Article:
Below are the common questions about DNA Paternity Testing. If you have any questions that are not answered below, feel free to contact us.

Can the test be done without testing the mother?

Yes. The test can be done without the mother. Even without the mother we still guarantee at least a 99.99% probability of paternity.

Why does mom need to be tested? (Since we already know she is the mother.)

Children receive half of their DNA from their mother and half from their father. By comparing the mother and child’s DNA we can tell which parts of the child’s DNA came from the mother. This lets us know that the remaining part of the child’s DNA came from the biological father—so we know what to compare to the tested man.

We are not giving our specimens at the same time. How do I know the right person was tested?

A Polaroid photograph is taken of everyone tested. Occasionally an “imposter” will come in for a test. Most often when this occurs the alleged father sends a friend in to have his specimen taken. When this happens the mother can look at the photograph and tell us that the man tested was not the alleged father.

Isn’t blood better than cheek swabs?

No, your DNA is the same throughout your body. As a result, the source of the DNA sample does not affect the accuracy of a DNA paternity test.

Before DNA testing it was necessary to use blood in order to have a paternity test. It was also necessary to wait until a child was 6 months old. Those types of tests were HLA and red cell antigen tests. Since DNA testing began to be used for paternity in the early 1990s, the older type of blood tests have become less common.

DNA testing is not limited to blood samples. The source of your DNA doesn’t matter. The DNA from your cheek cells is exactly the same as the DNA from your blood. The accuracy of a paternity test is exactly the same, whether the laboratory tests blood or cheek cells from swabs. The reliability of a DNA test is not based on the type of specimen used, but on the type and amount of DNA testing performed by the laboratory.

Can the test give the wrong result?

Yes, the test can give the wrong result. DNA Paternity Testing, LLC™ takes many extra precautions during the collection process to insure the integrity of the test is not compromised by careless handling of the specimens. The sample is then placed in a tamper proof package and sent via overnight carrier directly to a lab that is certified and accredited by the American Association of Blood Banks, AABB.

If the child and the tested man do not match at three or more tested DNA locations, then the tested man can not be the biological father of the child.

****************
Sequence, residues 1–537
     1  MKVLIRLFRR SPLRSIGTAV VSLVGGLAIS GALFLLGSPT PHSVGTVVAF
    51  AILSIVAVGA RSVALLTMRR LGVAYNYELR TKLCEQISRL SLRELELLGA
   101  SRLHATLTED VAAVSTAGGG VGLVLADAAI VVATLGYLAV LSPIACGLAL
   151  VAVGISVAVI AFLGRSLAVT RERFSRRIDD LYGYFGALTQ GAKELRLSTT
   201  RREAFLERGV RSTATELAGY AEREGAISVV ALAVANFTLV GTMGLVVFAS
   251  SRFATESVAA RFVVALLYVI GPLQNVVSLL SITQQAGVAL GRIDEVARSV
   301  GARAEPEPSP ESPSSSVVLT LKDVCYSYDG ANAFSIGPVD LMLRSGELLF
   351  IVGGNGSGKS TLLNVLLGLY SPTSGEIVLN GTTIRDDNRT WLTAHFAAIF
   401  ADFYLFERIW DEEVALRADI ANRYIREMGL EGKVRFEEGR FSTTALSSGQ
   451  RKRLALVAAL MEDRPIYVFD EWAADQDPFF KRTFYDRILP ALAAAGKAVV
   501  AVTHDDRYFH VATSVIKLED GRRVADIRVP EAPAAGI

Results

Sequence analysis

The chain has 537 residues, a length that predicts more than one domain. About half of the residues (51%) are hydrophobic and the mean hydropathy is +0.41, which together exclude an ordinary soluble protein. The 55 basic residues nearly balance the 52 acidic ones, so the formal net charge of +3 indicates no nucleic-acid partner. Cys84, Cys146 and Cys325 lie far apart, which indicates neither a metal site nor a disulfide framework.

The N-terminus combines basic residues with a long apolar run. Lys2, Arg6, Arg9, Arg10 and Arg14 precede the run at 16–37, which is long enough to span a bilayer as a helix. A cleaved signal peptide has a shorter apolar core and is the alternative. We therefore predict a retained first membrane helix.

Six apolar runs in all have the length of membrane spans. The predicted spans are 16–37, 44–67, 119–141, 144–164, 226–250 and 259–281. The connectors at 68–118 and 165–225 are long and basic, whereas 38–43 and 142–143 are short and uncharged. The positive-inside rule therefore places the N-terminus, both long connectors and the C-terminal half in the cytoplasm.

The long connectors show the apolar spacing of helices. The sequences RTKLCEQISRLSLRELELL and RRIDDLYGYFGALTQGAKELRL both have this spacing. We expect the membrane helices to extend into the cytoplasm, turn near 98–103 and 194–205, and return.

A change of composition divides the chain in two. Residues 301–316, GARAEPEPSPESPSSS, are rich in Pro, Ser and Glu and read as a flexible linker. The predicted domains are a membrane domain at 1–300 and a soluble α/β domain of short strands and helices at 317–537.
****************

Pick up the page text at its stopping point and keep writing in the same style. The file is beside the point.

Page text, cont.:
DNA Paternity Testing, LLC™ guaranties a minimum probability of paternity of 99.99%. At a 99.99% probability of paternity, on average the identified genetic pattern will fit no more than 1 in every 10,000 men. Most of our tests are even more discriminating than that.

What if the test comes back at 70% or 80%? What does that mean?

A test from DNA Paternity Testing, LLC™ will not be 70% or 80%. The results will be either a 99.99% probability of paternity or greater, or a 0% probability of paternity. If the result is 0% then the tested man can not be the biological father of the child.

Is the test confidential? Who can get the results?

The test is completely confidential. The mother of the child and all adults tested are entitled to receive the results of the test, as well as copies of the pictures of everyone who was tested. The only other people who can get results of the test are those designated by the tested adults. For example, the mother and alleged father may want results sent to their attorneys.

No one else can get any information about the test. They can not even find out whether an individual was tested, unless we have permission from a tested individual to give out that information.

The mother and alleged father are not able to receive personal information about each other. For example, DNA Paternity Testing, LLC™ will not give the mother information such as the alleged father’s social security number or address.

I have black hair and brown eyes. How can I have a baby with blonde hair and blue eyes?

Physical traits like specific hair and eye color can be either dominant or recessive. For example, your mother may have given you DNA that would result in blue eyes, but your father may have given you DNA that would result in brown eyes. Brown eyes are dominant over blue eyes, and therefore your eyes are brown. You still have the DNA for blue eyes that your mother gave you, and that is just as likely to be passed along to your child as the DNA for brown eyes that your father gave you. The same is true for hair color and other physical traits.

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